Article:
making local government more ethical
Some Problems with Mayoral Executive Orders in Philadelphia
On January 25, Philadelphia Mayor Nutter signed three ethics-related executive orders, which I would love to link you to, but cannot. How effective, except as a way to get the council moving on ethics reform, are executive orders that can't be found online? These orders deal with nepotism, family-oriented conflicts, outside employment, and gifts.

On Sunday, the New York Times ran an article based on a long-term investigation of group homes for the developmentally disabled in New York state. It found that "in hundreds of cases reviewed by The Times, employees who sexually abused, beat or taunted residents were rarely fired, even after repeated offenses and, in many cases, were simply transferred to other group homes run by the state." It sounds as if officials were following the Catholic Church's handling of its abuse cases.

How did this happen? Although the state agencies in charge did very little investigating and showed very little transparency, the unions were also major contributors to the problem. The question I want to consider here is, Do public service unions share the obligations of their members? Are they parties to government ethics, or do they somehow stand outside of it?

Another way in which violence and unethical conduct are similar is the way they are handled by the news media. Just as violence is generally discussed in terms of separate battles and wars, day by day, unethical conduct is discussed in terms of separate scandals and individuals, day by day. And unethical conduct is responded to in the worst possible atmosphere.

What this does is prevent an awareness of the problem of unethical conduct in general and what constitutes a poor ethics environment. In addition, like war, unethical conduct becomes a spectator sport. People curse or laugh at individual officials when they are caught. And the whole web of relationships involved is ignored, at least beyond the statement that "All politicians are crooks." Analysis takes a back seat to blame.

I talk a lot about poor ethics environments, probably the single most important element in unethical conduct. But since loyalty is the strongest force in such environments, a great deal of work is done to hide the existence of poor ethics environments. After unethical conduct is discovered, it is rare for anyone to set out just how bad things were.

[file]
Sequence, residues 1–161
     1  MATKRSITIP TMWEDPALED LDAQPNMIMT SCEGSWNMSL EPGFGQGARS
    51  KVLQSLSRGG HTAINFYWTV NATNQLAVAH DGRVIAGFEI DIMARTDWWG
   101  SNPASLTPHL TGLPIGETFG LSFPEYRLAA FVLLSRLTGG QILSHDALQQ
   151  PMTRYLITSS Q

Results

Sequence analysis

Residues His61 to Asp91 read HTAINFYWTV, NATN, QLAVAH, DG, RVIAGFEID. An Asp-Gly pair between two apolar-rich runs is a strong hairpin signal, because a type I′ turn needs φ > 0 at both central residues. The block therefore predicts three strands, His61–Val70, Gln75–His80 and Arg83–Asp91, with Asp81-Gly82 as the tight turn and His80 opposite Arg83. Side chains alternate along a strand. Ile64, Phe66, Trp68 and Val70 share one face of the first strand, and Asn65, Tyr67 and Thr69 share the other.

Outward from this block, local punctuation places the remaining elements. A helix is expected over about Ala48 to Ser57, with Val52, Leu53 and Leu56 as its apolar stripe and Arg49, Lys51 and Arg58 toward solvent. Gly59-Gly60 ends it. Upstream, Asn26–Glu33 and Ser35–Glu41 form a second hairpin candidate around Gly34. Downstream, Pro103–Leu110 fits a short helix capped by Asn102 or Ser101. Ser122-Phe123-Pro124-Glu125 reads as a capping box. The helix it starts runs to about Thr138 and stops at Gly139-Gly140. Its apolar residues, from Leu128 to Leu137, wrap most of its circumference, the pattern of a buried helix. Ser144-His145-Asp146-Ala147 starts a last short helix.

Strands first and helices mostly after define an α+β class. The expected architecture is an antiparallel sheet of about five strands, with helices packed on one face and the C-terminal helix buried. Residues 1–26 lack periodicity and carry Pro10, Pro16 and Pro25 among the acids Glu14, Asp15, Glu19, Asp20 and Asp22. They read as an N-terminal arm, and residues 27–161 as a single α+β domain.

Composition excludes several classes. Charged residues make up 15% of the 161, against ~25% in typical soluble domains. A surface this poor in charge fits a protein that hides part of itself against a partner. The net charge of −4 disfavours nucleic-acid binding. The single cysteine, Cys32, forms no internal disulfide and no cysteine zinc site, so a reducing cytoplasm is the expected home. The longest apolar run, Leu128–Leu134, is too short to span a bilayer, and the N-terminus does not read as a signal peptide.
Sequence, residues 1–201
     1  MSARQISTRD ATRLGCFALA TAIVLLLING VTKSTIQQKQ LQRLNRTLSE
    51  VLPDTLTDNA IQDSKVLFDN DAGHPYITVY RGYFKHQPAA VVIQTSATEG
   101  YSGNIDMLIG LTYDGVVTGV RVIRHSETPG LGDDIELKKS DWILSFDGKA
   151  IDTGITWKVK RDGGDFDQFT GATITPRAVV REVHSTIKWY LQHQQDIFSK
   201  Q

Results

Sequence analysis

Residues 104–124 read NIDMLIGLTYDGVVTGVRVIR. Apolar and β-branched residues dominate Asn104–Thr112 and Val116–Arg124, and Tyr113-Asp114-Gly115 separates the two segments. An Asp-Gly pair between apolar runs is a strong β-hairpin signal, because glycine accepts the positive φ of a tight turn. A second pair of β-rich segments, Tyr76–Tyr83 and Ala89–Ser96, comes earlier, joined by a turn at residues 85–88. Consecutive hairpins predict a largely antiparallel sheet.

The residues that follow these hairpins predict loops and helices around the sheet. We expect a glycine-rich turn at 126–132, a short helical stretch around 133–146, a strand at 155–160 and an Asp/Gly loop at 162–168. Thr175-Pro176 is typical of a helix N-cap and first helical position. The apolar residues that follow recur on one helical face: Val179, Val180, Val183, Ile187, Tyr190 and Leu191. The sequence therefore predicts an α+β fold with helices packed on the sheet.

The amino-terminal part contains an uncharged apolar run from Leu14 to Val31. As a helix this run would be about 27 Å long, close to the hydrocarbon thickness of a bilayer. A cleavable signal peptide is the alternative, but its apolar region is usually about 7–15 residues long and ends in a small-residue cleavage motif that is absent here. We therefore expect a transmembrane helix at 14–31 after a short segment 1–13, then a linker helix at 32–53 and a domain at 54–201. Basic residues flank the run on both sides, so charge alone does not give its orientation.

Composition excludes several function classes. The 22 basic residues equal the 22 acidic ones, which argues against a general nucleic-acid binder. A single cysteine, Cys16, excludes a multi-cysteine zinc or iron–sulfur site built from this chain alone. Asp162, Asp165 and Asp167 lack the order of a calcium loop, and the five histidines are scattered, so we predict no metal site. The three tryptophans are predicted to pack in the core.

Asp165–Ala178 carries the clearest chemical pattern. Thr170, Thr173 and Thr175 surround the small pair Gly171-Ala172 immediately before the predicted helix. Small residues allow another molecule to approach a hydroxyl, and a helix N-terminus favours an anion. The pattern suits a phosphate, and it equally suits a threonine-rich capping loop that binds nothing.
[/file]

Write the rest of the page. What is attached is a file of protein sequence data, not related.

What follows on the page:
But sometimes things are so bad, it becomes clear that there aren't just a couple of bad apples, but a whole bad crop. Tamarac, Florida, a city of 60,000 in Broward County (home of Ft. Lauderdale) is such a place. In fact, southern Florida itself seems to have been one big rotten crop of oranges, at least during the boom years.

It is generally agreed that it is best to preserve an ethics commission's jurisdiction over officials and employees after they quit or leave office. There are two reasons for this. One, to prevent them from escaping enforcement by quitting or leaving office. This is especially important because it can take a long time for information to come out that an ethics violation might have occurred, and for an ethics proceeding to be completed. The second reason is to allow for post-employment restrictions. But many ethics codes ignore this best practice, and end an ethics commission's jurisdiction the moment an official leaves office.

This becomes especially problematic when the jurisdiction has strict confidentiality rules, as can be seen in the recent events in White Plains, NY.

What politicians say about a government ethics issue is sometimes so devoid of a basic understanding of government ethics that it's hard to believe that they are not being willfully ignorant (i.e., not discussing ethics matters with ethics professionals) or cynically disingenuous. If only there could be some requirement that, before an official opens his or her mouth to say something about government ethics, he or she actually discussed the matter with someone who does understand it. Not any lawyer, but a professional in the field. Then at least we'd know whether it's ignorance or faux ignorance.

Take what is being said about the proposed consolidation of all the state ethics agencies in Connecticut (my state) in order, it is being said, to save money. I wrote a blog post recently about the problems this consolidation raises, and yesterday the Hartford Courant ran an op-ed piece by Mitchell Pearlman, former executive director of the state's Freedom of Information Commission, making many of the same arguments, and more.